The barricade boys including Marius and Enjolras, depict this perfectly. These ‘school boys’ who ‘never held a gun’ fight for their country; their freedom. Although young, inexperienced, and looked down upon by society, they fought, giving their people a hope for a better tomorrow. 

Enjolras and the barricade boys.

4. Love and compassion is the greatest gift.

A huge theme stressed in Les Miserables is love. Victor Hugo, the author of the book, asserts that love and compassion are the greatest gifts one can give another. He says that always showing these qualities should be the most important goal in life, and that love and compassion is infectious, passed on from one person to another.

Through simple acts of kindness, a person’s life can be changed forever. Through one act of kindness shown to Valjean, he passes on the kindness to Fantine. He looks past the situation and sees her dire need of someone to show her love. In doing so, he is able to rescue and adopt Fantine’s young daughter. The trio: Valjean, Fantine, and Eponine sing these words in the Epilogue, “To love another person is to see the face of God.”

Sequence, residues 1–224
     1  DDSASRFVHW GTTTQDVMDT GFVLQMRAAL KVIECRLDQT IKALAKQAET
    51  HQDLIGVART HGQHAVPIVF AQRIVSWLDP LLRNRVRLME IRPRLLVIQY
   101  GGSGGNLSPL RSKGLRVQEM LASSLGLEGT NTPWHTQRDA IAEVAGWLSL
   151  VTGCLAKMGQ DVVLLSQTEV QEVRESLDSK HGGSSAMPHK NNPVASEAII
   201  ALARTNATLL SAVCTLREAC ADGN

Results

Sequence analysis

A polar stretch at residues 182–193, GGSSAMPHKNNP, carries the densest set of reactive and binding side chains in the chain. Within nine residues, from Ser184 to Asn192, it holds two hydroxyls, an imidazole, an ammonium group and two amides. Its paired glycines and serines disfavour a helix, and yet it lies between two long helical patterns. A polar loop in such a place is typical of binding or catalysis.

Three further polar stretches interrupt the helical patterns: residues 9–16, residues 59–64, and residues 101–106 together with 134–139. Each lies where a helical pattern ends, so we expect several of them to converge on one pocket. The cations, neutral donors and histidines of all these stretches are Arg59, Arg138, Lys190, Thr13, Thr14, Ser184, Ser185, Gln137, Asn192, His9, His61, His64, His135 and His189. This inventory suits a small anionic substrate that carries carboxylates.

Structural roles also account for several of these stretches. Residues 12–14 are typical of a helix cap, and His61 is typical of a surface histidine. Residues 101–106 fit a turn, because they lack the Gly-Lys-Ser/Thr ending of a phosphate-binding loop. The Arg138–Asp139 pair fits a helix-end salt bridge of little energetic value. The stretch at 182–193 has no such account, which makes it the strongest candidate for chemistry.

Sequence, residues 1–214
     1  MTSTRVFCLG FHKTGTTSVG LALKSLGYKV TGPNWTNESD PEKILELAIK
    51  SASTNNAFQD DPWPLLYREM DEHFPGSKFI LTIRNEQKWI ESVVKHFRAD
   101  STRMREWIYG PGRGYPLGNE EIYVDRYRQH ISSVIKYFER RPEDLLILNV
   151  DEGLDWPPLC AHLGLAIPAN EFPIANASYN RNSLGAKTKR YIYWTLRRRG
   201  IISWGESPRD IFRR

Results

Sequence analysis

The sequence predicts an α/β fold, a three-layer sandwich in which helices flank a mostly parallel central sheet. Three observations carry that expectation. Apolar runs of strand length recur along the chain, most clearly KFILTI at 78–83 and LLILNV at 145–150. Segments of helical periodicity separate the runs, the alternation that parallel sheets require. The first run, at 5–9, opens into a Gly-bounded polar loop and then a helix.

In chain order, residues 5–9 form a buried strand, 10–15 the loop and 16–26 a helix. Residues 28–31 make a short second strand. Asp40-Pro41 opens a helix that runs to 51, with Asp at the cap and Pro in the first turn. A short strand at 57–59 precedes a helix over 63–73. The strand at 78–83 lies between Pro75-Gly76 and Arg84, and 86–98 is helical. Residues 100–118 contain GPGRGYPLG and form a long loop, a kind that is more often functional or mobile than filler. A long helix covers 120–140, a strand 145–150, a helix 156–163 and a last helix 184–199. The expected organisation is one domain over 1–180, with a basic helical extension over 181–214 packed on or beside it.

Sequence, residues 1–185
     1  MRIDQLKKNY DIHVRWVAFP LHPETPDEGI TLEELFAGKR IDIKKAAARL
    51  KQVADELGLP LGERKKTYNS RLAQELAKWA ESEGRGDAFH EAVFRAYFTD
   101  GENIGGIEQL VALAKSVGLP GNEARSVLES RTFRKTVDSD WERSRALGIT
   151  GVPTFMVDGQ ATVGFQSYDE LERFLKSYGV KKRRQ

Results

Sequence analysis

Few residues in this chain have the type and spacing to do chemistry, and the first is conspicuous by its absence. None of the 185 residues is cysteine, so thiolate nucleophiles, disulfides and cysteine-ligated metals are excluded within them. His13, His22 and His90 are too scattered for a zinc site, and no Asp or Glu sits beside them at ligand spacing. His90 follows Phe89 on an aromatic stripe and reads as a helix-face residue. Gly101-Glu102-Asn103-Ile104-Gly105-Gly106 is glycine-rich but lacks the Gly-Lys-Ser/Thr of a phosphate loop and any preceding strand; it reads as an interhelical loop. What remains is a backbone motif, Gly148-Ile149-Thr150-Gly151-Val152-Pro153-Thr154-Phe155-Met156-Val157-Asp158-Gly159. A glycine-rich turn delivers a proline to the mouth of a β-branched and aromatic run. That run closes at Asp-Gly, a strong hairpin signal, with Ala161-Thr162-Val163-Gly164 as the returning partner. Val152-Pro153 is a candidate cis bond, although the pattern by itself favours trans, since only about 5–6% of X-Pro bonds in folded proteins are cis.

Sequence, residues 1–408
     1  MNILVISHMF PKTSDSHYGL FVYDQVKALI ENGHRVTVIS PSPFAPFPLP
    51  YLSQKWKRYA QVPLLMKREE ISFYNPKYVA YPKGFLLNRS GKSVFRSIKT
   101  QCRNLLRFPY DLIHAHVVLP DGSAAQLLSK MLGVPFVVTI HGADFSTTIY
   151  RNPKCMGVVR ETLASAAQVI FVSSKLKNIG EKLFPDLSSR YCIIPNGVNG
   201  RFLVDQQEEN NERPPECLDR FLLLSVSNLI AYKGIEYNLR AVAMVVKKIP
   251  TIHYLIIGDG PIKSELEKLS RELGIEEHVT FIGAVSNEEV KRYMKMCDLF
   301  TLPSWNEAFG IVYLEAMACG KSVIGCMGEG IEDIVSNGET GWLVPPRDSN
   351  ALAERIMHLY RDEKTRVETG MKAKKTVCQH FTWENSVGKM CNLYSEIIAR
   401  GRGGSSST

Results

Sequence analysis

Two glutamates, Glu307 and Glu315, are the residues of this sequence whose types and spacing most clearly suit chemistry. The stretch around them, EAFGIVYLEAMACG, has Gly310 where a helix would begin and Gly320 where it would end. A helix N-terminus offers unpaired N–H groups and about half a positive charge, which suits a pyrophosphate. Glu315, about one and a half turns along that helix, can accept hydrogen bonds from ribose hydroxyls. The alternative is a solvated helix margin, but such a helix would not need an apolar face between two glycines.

So what kind thing are you going to do this week? Whether it be smiling at someone, or volunteering at a homeless shelter, our kindness matters. Every smile and act of kindness counts.

5. Even the worst people are worth forgiving.

Oh, how easy it is to hate our enemies and love those who do good to us even though we are supposed to love our enemies. It’s a hard thing to do. But even if we don’t think someone is worth forgiving, ultimately, that decision is God’s, and He says that we are forgiven. How great is that?

Javert has been relentlessly hunting down our hero for eight years. Others may have seen Javert’s cruel acts to Valjean and to the lower class in society (he saw them as the righteous thing to do) as unforgivable, therefore he was not worthy of compassion or mercy as he showed none to others. However, Valjean turns all our expectations around when he shows compassion to Javert.